Author: Ng, Yue Hum Fantas
Title: Assessment of melatonin and its association with sleep in metabolic syndrome
Degree: M.Sc.
Year: 2014
Subject: Melatonin -- Physiological effect.
Metabolic syndrome.
Hong Kong Polytechnic University -- Dissertations
Department: Department of Health Technology and Informatics
Pages: x, 75 leaves : ill. ; 30 cm.
Language: English
Abstract: According to World Health Organization (WHO), there were 17.3 million people died from cardiovascular disease (CVD) in 2008 worldwide and currently there were 347 million people affected by diabetes mellitus (DM). The prevalence of CVD and DM was increasing in an alarming rate and both risk factors were associated with metabolic syndrome (MS). Metabolic syndrome was a combination of metabolic abnormalities including dyslipidemia, hyperglycemia, high blood pressure and central obesity. In addition, subjects affected by MS were also associated with sleep deprivation. Shortened sleep time and poor quality of sleep had been shown to cause an increase in food intake and higher blood pressure which were the risk factors associated with MS. In Hong Kong, the prevalence of MS was increasing from 9.6% in 1990s to 23% in 2001. This surge of MS required immediate attention and quicker method to diagnose MS was needed to stop the uprising of MS in the future. Melatonin had been shown to promote sleep and curtail MS. By evaluating melatonin levels with subjects with and without MS may provide a quicker mean of predicting MS. The objective of this study was to evaluate sleep biomarker, melatonin and its association with sleep in a total of forty Hong Kong Chinese subjects with and without MS. Enzyme-linked immunosorbent assay (ELISA) was used to measure the plasma melatonin concentration and Pittsburgh Sleep Quality Index (PSQI) questionnaires were used to evaluate the sleep quality and sleep duration for all the study subjects.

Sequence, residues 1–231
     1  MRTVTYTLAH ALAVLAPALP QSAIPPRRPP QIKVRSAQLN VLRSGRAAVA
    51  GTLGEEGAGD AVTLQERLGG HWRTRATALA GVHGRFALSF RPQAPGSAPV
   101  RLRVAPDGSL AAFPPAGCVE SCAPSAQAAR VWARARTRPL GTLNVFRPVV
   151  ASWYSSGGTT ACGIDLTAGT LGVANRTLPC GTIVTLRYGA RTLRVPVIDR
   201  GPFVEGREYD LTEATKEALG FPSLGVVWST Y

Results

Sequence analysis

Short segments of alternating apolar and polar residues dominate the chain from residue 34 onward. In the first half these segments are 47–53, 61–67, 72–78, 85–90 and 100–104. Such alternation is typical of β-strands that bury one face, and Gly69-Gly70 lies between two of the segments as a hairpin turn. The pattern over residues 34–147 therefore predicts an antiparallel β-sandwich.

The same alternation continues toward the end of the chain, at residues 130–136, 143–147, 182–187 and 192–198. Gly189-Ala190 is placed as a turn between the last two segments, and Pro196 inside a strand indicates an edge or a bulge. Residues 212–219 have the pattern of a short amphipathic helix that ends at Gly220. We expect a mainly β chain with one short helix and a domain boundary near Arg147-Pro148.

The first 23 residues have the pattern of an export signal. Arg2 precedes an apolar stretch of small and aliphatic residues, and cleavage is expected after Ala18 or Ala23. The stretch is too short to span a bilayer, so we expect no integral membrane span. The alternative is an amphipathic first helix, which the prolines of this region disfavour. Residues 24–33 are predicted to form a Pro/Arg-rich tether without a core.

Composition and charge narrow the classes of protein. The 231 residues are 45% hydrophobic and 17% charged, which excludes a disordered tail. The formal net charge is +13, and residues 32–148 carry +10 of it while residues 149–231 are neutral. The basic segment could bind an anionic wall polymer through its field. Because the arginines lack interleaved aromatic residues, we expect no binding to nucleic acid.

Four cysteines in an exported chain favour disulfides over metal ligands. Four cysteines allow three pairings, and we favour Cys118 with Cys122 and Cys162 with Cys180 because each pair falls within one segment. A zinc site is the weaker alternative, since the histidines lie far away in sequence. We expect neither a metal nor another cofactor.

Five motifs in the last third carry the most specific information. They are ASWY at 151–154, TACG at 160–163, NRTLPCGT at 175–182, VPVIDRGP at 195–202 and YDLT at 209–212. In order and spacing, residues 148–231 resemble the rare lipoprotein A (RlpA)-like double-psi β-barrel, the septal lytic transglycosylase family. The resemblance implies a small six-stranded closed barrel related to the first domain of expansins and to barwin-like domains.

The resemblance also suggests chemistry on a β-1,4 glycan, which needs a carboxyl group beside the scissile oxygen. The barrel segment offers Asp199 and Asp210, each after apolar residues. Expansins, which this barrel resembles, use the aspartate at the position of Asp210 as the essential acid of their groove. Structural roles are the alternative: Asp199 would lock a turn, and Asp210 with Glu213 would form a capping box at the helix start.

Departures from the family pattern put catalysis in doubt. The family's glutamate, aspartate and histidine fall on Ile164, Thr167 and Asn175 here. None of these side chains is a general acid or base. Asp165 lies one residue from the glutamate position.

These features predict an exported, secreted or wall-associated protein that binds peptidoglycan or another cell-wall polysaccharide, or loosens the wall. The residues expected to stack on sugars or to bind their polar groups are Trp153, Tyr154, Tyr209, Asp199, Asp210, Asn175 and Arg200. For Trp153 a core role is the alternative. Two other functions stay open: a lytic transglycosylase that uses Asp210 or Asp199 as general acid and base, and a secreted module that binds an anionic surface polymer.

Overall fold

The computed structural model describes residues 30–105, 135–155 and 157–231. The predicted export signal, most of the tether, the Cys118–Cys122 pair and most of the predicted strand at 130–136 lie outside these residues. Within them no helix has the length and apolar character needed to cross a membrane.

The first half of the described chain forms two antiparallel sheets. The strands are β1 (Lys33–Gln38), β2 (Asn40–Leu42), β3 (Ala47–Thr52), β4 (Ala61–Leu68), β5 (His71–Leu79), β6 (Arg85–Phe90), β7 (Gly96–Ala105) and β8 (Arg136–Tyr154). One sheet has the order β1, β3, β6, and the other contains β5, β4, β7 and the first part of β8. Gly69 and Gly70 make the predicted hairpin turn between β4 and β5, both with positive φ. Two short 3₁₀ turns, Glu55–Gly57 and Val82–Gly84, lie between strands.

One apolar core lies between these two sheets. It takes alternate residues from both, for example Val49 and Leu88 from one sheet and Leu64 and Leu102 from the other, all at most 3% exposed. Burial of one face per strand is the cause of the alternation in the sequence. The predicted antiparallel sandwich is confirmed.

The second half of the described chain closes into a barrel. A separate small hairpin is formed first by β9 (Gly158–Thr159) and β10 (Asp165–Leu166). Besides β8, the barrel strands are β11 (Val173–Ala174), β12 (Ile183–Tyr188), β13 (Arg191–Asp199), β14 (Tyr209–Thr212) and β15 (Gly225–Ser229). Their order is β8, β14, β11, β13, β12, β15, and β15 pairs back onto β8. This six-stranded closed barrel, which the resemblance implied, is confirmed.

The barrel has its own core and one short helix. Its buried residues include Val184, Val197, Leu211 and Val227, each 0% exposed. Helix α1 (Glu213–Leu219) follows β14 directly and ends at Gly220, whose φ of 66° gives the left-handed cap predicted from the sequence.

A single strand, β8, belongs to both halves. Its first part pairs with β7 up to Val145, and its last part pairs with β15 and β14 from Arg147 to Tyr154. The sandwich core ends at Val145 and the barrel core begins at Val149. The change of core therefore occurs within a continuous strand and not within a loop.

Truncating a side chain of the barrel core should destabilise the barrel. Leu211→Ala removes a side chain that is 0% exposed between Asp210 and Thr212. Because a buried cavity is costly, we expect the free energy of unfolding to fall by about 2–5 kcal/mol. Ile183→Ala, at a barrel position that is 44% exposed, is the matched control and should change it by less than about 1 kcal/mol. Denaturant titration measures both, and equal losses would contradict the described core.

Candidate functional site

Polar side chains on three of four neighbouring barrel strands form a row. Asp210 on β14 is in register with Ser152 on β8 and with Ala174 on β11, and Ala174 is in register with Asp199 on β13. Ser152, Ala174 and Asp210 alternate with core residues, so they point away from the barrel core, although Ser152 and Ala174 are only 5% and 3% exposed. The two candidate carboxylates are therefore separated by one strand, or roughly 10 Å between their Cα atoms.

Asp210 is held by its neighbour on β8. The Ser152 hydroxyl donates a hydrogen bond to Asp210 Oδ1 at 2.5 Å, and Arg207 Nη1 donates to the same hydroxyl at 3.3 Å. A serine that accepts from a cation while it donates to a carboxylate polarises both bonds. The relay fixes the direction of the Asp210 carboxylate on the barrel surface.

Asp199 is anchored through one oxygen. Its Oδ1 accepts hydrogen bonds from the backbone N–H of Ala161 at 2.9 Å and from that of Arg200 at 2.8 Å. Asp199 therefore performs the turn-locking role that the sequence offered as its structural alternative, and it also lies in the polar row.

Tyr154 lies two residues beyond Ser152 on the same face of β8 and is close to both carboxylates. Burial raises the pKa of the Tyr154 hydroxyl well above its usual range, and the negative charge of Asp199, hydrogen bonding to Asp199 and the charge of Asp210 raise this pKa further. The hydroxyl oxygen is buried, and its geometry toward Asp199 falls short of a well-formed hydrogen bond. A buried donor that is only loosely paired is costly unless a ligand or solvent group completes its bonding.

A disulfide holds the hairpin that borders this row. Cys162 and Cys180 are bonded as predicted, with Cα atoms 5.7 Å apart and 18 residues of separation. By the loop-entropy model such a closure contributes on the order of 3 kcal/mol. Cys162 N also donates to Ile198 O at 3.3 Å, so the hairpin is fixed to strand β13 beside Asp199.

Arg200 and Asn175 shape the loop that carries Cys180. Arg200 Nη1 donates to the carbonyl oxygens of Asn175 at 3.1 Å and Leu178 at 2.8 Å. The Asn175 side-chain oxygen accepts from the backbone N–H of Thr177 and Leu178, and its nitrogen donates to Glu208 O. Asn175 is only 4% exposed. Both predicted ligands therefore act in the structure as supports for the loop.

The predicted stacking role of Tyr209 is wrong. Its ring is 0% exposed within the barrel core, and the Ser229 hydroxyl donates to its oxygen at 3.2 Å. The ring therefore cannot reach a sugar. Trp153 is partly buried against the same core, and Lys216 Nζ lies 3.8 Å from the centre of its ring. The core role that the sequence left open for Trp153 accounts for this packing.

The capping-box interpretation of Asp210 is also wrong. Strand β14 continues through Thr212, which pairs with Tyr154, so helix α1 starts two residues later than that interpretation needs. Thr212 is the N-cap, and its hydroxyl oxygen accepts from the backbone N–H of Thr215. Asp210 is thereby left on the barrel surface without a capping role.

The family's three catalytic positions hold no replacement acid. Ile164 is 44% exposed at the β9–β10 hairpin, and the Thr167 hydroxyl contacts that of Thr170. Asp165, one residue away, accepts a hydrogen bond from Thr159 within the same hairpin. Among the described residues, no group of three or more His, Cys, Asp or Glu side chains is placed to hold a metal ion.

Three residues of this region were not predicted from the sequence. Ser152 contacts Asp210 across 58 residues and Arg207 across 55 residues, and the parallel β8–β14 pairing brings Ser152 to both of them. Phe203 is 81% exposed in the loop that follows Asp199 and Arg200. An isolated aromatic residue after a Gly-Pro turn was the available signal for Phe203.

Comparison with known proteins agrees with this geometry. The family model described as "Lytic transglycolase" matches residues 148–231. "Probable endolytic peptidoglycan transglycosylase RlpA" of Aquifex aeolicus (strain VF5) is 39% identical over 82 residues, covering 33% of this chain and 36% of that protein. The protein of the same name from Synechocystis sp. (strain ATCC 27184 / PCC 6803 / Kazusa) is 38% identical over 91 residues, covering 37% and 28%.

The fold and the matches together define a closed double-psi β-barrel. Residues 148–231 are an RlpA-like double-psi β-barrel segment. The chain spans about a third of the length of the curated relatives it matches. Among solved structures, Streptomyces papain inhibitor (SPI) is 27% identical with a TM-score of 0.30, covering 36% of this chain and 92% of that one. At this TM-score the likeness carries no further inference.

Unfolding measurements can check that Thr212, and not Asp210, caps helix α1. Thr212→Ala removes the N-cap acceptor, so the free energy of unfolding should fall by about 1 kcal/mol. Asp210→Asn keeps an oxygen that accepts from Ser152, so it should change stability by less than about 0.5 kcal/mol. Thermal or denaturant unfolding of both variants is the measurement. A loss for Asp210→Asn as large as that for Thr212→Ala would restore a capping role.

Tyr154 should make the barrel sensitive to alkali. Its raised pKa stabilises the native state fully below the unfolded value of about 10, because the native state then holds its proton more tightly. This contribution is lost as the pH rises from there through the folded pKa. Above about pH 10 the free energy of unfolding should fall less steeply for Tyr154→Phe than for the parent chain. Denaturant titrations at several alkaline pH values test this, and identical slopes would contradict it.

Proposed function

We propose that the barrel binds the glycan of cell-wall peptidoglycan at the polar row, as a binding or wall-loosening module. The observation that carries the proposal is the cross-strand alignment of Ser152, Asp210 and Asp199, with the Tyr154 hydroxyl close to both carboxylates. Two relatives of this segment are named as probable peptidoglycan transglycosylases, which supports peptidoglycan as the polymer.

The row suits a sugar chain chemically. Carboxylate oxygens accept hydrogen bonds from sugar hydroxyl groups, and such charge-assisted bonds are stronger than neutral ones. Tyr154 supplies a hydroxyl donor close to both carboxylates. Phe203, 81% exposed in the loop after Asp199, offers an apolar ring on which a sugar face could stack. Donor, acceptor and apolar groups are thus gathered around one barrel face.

Subjects with MS had significant lower levels of melatonin than subjects without MS (4.06±0.47 versus 6.10±0.45, p=0.003) as expected since melatonin helped with curtailing MS and subjects with MS had been shown to have lower circulating melatonin. There was a positive correlation between melatonin levels and High-Density Lipoprotein Cholesterol (HDL) with p=0.04. However there was no significant difference between quality of sleep and duration of sleep with melatonin levels for this study (p=0.415 and p=0.101). There was also no significant difference between quality of sleep and duration of sleep while comparing to subjects with and without MS (p=0.324 and p=0.206). Lower plasma melatonin levels in MS subjects suggested melatonin may involve with pathogenesis of MS. Melatonin therapy had been shown to help subjects with MS to decrease blood pressures, lose weight and improve lipid profile. The reason for no significant difference between sleep quality, sleep duration and melatonin level may be due to limitation of this study. The optimal way to evaluate melatonin levels was before going to bed and after waking up. The best way to evaluate sleep was using sleep actigraphs or full polysomnography. Numerous clinical trials had examined the therapeutic values of melatonin in various diseases such as cardiovascular diseases, diabetes and sleep disturbances but no clinical trial had been done to use melatonin as biomarker to predict MS. More clinical trials with larger population would be needed to investigate melatonin involvement in MS and found the definite pathophysiologic role in human.
Rights: All rights reserved
Access: restricted access

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